A common fear people have about the hybrid workplace is a fear of the loss of connection.
That fear is well-founded. Connection, which enables us to get work done effectively and aids in our understanding of another’s situation or perspective, is key to almost every desirable business outcome. Connections drive innovation and productivity, stimulate a sense of engagement and belonging, and enable strategic thinking.
The Oxford English Dictionary defines “connected” as “brought together or into contact so that a real or notional link is established.” The shift in our workplaces means we will lose, or have already lost, the opportunity to be physically together. And we can all recite what we miss in the absence of that contact: Casual conversation, the sense of energy, the opportunity to gauge each other’s body language, and the non-working shared time during coffee or lunch or while waiting for an elevator.
If connection is so important, leaders, teams and organizations need to get creative to structurally change how connection happens in remote work.
How can we be “brought together or into contact” in new ways in the new hybrid world? Here are five approaches to explore.
1.) Design Structured Intersections
Many companies are exploring schedules that will bring entire teams to the office on specific days. That experiment can be extended in all sorts of creative ways: co-working days for adjacent teams; co-working days for tribes with shared capabilities; working days for service organizations that mirror working days for customer teams. These structured interactions can be virtual or physical and are simply times to be synchronously co-working to enable the back-and-forth nature of the real-time conversations and dialogue that we lose in the asynchronous world.
2.) Shift Patterns of Work
Work patterns before the pandemic were already in flux. Dr. Amy Edmondson of Harvard Business School wrote in 2012 that “organizations thrive, or fail to thrive, based on how well the small groups within those organizations work.” Given the gig economy, agile work structures and the evolution of project-based teams, companies were already exploring shifting patterns of who works with whom and on what. The hybrid workplace creates an opportunity to accelerate those practices — to more fluidly bring teams together to build connections and then disperse into new teams to strengthen the connected fabric of the organization. Take a look at what work could be done by teams and form and disband them as the work gets done.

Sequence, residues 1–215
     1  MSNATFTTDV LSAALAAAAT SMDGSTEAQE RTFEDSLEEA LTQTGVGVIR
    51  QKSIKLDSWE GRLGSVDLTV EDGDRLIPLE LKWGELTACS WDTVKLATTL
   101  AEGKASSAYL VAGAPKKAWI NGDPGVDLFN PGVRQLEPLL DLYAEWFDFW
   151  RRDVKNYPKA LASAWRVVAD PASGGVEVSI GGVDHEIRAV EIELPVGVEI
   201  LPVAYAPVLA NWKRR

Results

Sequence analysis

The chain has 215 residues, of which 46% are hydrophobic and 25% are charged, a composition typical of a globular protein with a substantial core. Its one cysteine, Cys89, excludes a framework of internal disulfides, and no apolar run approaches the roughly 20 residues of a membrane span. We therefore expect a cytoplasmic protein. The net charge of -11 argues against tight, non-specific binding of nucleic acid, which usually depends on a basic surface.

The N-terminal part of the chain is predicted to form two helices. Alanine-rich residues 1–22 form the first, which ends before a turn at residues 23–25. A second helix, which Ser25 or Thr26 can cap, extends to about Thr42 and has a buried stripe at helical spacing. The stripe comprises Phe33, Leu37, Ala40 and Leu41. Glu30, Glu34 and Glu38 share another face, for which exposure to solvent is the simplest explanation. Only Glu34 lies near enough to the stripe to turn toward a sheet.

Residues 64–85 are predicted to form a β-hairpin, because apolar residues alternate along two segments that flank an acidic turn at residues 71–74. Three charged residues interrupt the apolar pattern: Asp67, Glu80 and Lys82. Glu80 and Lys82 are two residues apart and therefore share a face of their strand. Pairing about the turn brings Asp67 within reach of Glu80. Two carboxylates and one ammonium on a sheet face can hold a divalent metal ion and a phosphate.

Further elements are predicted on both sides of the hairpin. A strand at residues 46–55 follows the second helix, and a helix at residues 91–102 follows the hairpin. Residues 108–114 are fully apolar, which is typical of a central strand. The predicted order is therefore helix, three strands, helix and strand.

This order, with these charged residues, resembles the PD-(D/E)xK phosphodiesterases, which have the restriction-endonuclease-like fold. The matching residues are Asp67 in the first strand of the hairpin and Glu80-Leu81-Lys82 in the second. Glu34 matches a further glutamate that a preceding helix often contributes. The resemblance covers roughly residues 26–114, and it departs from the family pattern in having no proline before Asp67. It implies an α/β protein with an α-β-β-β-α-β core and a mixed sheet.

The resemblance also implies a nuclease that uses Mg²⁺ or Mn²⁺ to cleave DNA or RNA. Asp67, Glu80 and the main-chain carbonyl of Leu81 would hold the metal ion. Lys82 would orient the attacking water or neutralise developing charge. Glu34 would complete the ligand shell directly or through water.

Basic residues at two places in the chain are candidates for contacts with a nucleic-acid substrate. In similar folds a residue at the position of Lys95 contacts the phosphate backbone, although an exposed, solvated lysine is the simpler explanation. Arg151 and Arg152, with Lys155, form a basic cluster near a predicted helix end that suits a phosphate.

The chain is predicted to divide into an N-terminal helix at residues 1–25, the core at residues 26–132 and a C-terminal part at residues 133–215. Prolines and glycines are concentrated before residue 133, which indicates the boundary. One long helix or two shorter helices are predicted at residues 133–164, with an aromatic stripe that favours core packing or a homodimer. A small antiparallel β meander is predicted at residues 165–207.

3.) Create Intentional Random Engagement
This sounds like an oxymoron, but it can be a powerful practice. Leaders at all levels can be intentional about with whom they connect — and how — inside and outside their organizations as well as their function or industry. Senior leaders have always found value in skip-level conversations; now is the time for periodic skip-skip level conversations. Avoid an agenda; instead, be hyper-conscious of the connection possibilities. What can you learn? What surprises you? What makes you curious? These intentional random interactions are vital in a hybrid, asynchronous work environment to replace the off-hand intersections of the brick and mortar office.
4.) Enable Broader Visibility
Time to bring back the billboard, people! Organizations work best if teams have a sense of each other’s priorities, engagement and workload. In an office, you can read the energy in a group by walking past the cubicles and meeting rooms. That’s just not possible in the virtual world. Everyone needs to proactively communicate more than they did before. Each leader, team or business function needs to ensure that others know what they are up to, and they need to communicate that information as concisely as possible. The format will vary widely — it could be a critical metric, a spotlight on a project or a weekly blog post about the week’s events. The value is a snapshot of your work so that others stay connected, no matter where they’re signing on from.
5.) Put Your Body Language Into Words
Effective communication is an art form — and it’s one that is all the more challenged by the limited attention spans and communication overload of our virtual worlds. Having said that, employees and leaders need to recognize that the bandwidth of their communication has narrowed. It is more challenging to see body language during a web conference. We don’t sense uncertainty, confusion or anxiety as clearly as when we are in person. The new normal requirement is to verbalize those emotions. This might take practice and encouragement, but it will help create connection in powerful ways.
Pay attention to connection. It’s the secret sauce to make this new normal a great normal for our teams and organizations. Connection won’t happen by default, but it can happen by design.